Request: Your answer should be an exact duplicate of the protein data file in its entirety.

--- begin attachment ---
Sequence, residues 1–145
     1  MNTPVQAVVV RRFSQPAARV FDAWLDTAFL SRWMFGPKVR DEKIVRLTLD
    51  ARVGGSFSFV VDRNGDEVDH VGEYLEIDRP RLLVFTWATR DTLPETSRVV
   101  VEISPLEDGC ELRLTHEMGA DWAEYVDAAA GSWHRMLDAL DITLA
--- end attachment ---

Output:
Sequence, residues 1–145
     1  MNTPVQAVVV RRFSQPAARV FDAWLDTAFL SRWMFGPKVR DEKIVRLTLD
    51  ARVGGSFSFV VDRNGDEVDH VGEYLEIDRP RLLVFTWATR DTLPETSRVV
   101  VEISPLEDGC ELRLTHEMGA DWAEYVDAAA GSWHRMLDAL DITLA